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Four things about D.C. United’s gut punch of a loss at NYCFC

Some context, some Moses Nyeman, some rotation, and the risks that come with going all in

MLS: D.C. United at New York City FC Danny Wild-USA TODAY Sports

D.C. United scored a great early goal at NYCFC, lead most of the way, and then came so gut-wrenchingly close to a 94th minute winner after conceding an equalizer. Instead, though, the Pigeons had the last laugh, countering after a United corner to steal all three points at the death.

This is Jason, and I have some help from Adam and Ryan on going over a loss that we’re probably going to be stewing about for a while.

Something On NYC

It’s got to be said that New York City FC are a very strong team. Like, potentially the best team in the league—or at least the East—by the advanced metrics. And United went on the road and punched them in the mouth playing Hernán Losada’s preferred pressing style.

It lasted up until the last 10 minutes of the game, at which point it all fell apart. The Pigeons’ quality, fatigue from the third game in eight days, and some knocks that forced substitutions conspired, and we saw the Black-and-Red concede on a corner and on a full-field one-man counter from the very legit-seeming 20-year-old Brazilian Thiago Andrade.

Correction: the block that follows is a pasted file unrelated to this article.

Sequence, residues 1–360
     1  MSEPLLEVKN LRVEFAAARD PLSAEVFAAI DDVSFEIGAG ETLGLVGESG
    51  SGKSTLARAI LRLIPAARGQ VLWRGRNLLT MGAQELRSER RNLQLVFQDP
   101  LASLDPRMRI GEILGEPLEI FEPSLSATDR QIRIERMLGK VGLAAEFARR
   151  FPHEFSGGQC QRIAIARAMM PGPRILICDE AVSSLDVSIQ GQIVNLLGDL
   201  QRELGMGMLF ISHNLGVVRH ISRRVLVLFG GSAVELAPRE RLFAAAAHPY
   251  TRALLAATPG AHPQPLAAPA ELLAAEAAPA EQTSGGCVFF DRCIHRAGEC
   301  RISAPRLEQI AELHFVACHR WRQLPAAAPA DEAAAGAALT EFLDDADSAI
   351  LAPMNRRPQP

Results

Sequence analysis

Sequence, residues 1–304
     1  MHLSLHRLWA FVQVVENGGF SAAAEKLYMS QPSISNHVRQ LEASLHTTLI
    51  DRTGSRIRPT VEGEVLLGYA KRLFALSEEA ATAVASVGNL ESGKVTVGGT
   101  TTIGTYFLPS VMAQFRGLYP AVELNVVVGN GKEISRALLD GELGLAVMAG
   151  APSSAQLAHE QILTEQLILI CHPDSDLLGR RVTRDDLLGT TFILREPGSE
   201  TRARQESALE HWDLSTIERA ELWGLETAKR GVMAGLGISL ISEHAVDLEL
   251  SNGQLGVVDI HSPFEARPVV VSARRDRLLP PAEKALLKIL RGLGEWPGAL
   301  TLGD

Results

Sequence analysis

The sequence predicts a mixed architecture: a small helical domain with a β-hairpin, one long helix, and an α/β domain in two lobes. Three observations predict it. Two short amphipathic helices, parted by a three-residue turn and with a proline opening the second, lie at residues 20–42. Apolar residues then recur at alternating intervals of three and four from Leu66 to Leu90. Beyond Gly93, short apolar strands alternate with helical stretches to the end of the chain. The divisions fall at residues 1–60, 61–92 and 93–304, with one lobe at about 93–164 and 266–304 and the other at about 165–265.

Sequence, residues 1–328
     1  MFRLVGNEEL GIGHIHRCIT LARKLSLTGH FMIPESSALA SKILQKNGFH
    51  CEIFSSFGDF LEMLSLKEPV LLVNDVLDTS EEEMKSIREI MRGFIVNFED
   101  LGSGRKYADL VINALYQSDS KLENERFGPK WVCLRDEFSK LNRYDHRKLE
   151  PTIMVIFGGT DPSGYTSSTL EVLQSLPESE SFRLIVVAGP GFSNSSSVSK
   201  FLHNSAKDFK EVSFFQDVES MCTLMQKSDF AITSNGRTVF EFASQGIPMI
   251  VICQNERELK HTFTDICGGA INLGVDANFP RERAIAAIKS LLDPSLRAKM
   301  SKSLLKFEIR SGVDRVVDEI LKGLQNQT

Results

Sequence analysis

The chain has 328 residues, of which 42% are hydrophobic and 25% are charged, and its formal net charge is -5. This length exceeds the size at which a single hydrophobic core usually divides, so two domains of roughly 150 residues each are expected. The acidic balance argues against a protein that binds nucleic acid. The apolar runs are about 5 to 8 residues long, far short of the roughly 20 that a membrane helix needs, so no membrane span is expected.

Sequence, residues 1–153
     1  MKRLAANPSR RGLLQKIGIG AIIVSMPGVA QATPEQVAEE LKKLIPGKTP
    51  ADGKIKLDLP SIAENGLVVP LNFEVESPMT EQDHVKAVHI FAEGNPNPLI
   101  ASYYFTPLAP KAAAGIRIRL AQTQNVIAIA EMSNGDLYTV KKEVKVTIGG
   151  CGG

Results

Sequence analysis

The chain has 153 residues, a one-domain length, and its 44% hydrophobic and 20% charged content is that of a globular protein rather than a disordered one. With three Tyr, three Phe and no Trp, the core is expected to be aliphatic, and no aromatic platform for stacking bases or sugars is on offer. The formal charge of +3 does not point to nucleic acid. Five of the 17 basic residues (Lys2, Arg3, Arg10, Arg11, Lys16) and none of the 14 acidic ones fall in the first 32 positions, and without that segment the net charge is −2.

It might be the first time this year that a United game actually lined up fairly well with the expected goals for the game. In United’s last two games, they created around 5 expected goals, but only had one to show for it. On Sunday, they created just over 1, and made it stand up. But their hosts created almost 2 xG, and they hit their mark, deep into stoppage time.

Losing like this stings like hell, but falling away from home in this fashion to a team that will end up an MLS Cup contender is no black mark. Especially for a team that’s still building and growing into its new identity.

Like the draw against Montreal, it’s a frustrating result, and with the late goals against it’s certainly points left on the table. But this isn’t 2020, when even a scoreless draw against this same NYC team felt like the team’s ceiling. The 2021 version of D.C. United is a work in progress, and they’re tantalizingly ahead of schedule.

That said, this was the first game in a little while where United didn’t thoroughly outplay their opponent. Losada’s system relies on disrupting the other guys’ buildup and then punishing mistakes. With the fatigue and NYC’s quality, that was an uphill climb. When this team can press longer against better teams, that’s when United will really be a threat.